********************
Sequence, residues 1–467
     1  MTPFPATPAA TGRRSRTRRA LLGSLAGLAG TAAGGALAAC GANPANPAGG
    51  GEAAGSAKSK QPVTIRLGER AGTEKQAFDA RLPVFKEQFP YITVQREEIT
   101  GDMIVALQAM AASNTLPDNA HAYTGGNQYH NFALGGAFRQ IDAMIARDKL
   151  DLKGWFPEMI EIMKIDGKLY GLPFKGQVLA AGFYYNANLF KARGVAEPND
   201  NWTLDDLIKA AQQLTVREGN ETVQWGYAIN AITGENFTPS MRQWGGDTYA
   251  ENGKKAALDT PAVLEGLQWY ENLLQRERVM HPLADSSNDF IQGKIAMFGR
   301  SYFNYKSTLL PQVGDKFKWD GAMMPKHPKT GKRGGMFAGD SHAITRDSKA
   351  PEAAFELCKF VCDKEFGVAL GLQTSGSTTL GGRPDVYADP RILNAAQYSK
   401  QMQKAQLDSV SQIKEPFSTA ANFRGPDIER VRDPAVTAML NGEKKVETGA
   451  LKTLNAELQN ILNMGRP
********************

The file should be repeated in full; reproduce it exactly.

Sequence, residues 1–467
     1  MTPFPATPAA TGRRSRTRRA LLGSLAGLAG TAAGGALAAC GANPANPAGG
    51  GEAAGSAKSK QPVTIRLGER AGTEKQAFDA RLPVFKEQFP YITVQREEIT
   101  GDMIVALQAM AASNTLPDNA HAYTGGNQYH NFALGGAFRQ IDAMIARDKL
   151  DLKGWFPEMI EIMKIDGKLY GLPFKGQVLA AGFYYNANLF KARGVAEPND
   201  NWTLDDLIKA AQQLTVREGN ETVQWGYAIN AITGENFTPS MRQWGGDTYA
   251  ENGKKAALDT PAVLEGLQWY ENLLQRERVM HPLADSSNDF IQGKIAMFGR
   301  SYFNYKSTLL PQVGDKFKWD GAMMPKHPKT GKRGGMFAGD SHAITRDSKA
   351  PEAAFELCKF VCDKEFGVAL GLQTSGSTTL GGRPDVYADP RILNAAQYSK
   401  QMQKAQLDSV SQIKEPFSTA ANFRGPDIER VRDPAVTAML NGEKKVETGA
   451  LKTLNAELQN ILNMGRP